On Dec 5, 1995 Carl Sagan while suffering from cancer took time to finally answer the 4 letters I had written to him up to that point.(I don’t know if he ever listened to the tapes I had sent him.) Here is his response:

Thanks for your recent letter about evolution and abortion. The correlation is hardly one to one; there are evolutionists who are anti-abortion and anti-evolutionists who are pro-abortion.You argue that God exists because otherwise we could not understand the world in our consciousness. But if you think God is necessary to understand the world, then why do you not ask the next question of where God came from? And if you say “God was always here,” why not say that the universe was always here? On abortion, my views are contained in the enclosed article (Sagan, Carl and Ann Druyan {1990}, “The Question of Abortion,” Parade Magazine, April 22.)

I responded with a two page letter on Jan 10, 1996 and I never heard back again from Dr. Sagan and he died on Dec 20, 1996. His wife Ann Druyan reported that many people of faith reached out to Sagan in last few months of his life, but he never left his agnosticism.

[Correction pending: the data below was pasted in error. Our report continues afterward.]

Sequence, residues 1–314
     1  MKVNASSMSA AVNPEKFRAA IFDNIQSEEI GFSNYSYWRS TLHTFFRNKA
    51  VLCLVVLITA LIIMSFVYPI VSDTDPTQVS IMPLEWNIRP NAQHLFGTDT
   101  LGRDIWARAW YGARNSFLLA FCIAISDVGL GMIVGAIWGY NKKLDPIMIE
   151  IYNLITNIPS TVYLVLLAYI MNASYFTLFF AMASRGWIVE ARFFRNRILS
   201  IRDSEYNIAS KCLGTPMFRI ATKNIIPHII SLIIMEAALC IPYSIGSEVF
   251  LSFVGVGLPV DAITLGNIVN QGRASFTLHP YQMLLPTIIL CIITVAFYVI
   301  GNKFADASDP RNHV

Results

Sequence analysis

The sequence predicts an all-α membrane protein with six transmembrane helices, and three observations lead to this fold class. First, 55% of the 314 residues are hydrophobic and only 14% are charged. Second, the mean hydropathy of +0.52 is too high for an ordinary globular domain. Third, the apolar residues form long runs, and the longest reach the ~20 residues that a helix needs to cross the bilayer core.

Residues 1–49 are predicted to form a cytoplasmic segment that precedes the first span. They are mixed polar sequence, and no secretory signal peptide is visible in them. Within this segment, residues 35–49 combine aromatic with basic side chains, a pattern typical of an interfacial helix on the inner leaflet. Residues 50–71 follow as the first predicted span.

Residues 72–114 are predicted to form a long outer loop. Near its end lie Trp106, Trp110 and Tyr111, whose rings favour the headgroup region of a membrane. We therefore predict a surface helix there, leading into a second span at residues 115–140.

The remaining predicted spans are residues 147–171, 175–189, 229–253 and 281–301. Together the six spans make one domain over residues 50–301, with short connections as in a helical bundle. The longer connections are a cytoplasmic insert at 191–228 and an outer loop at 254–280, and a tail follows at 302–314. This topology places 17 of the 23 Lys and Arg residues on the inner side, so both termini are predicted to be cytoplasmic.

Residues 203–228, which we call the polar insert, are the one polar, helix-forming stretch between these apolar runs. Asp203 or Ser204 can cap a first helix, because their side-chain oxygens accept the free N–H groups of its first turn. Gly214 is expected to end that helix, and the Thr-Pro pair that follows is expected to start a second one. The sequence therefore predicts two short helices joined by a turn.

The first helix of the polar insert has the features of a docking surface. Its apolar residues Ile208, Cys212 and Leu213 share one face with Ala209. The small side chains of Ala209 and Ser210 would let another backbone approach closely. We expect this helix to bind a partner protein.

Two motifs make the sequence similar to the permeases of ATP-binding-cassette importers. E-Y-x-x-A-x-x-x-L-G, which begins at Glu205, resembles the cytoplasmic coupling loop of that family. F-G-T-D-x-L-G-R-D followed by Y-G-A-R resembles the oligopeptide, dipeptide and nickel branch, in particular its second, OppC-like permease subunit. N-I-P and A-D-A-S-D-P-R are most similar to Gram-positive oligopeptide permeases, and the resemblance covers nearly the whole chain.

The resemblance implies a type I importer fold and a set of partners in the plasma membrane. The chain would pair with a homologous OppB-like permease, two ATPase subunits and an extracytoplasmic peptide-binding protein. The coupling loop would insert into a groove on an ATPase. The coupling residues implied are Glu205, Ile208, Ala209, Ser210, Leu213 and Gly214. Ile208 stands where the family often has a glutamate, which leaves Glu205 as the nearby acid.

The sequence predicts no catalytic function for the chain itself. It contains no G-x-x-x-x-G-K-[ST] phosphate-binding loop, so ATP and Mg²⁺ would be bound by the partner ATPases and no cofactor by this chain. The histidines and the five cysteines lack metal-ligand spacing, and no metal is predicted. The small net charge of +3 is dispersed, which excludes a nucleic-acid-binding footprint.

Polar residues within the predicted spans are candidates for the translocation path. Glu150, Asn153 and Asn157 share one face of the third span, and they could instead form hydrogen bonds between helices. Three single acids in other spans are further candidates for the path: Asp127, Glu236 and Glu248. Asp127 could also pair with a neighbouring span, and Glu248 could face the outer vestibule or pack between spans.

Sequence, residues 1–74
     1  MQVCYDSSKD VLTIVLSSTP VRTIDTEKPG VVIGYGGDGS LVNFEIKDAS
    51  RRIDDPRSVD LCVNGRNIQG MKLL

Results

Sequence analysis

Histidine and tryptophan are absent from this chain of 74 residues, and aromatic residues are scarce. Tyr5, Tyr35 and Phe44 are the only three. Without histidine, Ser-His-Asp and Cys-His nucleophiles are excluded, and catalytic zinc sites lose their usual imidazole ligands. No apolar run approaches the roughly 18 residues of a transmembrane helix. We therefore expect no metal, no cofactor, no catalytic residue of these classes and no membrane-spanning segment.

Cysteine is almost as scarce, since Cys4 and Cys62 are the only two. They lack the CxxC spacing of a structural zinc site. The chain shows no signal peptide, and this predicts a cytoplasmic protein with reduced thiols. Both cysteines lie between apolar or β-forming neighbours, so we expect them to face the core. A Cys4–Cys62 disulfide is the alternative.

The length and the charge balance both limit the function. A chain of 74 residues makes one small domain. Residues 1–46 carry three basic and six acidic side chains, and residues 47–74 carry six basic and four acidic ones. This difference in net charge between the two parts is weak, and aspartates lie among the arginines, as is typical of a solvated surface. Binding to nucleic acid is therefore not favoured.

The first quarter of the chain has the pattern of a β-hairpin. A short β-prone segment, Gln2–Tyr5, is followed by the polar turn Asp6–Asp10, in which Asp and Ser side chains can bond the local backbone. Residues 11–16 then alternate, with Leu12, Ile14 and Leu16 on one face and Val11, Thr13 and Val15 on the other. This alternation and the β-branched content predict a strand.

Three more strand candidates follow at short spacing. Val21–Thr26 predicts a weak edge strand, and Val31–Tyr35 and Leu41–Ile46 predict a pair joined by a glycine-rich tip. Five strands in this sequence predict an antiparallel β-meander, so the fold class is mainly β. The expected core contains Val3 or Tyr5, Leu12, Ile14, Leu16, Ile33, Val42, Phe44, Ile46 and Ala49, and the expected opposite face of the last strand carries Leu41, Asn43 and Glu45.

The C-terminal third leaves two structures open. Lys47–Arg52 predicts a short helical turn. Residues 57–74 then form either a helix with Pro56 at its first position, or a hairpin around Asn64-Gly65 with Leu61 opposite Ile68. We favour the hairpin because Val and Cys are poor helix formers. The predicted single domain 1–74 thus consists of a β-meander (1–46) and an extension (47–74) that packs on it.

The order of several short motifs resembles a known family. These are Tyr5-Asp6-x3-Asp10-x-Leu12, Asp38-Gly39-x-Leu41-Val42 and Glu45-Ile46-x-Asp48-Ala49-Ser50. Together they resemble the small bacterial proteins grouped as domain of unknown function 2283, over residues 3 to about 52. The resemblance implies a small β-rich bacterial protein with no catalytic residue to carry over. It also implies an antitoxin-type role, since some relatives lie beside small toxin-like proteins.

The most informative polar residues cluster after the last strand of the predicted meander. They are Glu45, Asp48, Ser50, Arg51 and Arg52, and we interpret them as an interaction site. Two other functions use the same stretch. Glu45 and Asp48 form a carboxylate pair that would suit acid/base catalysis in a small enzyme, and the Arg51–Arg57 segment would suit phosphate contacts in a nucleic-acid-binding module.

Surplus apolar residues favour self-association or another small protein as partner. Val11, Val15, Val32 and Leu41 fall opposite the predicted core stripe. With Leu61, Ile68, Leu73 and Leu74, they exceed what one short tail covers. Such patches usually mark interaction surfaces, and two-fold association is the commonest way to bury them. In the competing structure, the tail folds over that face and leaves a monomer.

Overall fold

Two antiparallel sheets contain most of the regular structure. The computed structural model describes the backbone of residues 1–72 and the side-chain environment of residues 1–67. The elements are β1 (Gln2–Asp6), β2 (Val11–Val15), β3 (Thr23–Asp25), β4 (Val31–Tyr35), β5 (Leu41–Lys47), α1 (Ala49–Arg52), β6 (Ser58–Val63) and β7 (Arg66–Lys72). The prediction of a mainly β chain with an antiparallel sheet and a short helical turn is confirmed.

I have read lots of Carl Sagan’s books and written several reviews and papers on his views. I will just leave you with two thoughts.

Sagan observed,”Plainly, there’s something within me that’s ready to believe in life after death…If some good evidence for life after death was announced, I’d be eager to examine it; but it would have to be real scientific data, not mere antedote”(pp 203-204, The DemonHaunted World, 1995).

Sagan said he had taken a look at Old Testament prophecy and it did not impress him because it was too vague. He had taken a look at Christ’s life in the gospels, but said it was unrealistic for God to send a man to communicate for God. Instead, Sagan suggested that God could have written a mathematical formula in the Bible or put a cross in the sky.However, what happens at the conclusion of the movie Contact?  This is Sagan’s last message to the world in the form of the movie that appeared shortly after his death. Dr Arroway (Jodie Foster) who is a young atheistic scientist who meets with an alien and this alien takes the form of Dr. Arroway’s father. The alien tells her that they thought this would make it easier for her. In fact, he meets her on a beach that resembles a beach that she grew up near so she would also be comfortable with the surroundings. Carl Sagan when writing this script chose to put the alien in human form so Dr. Arroway could relate to the alien. Christ chose to take our form and come into our world too and still many make up excuses for not believing.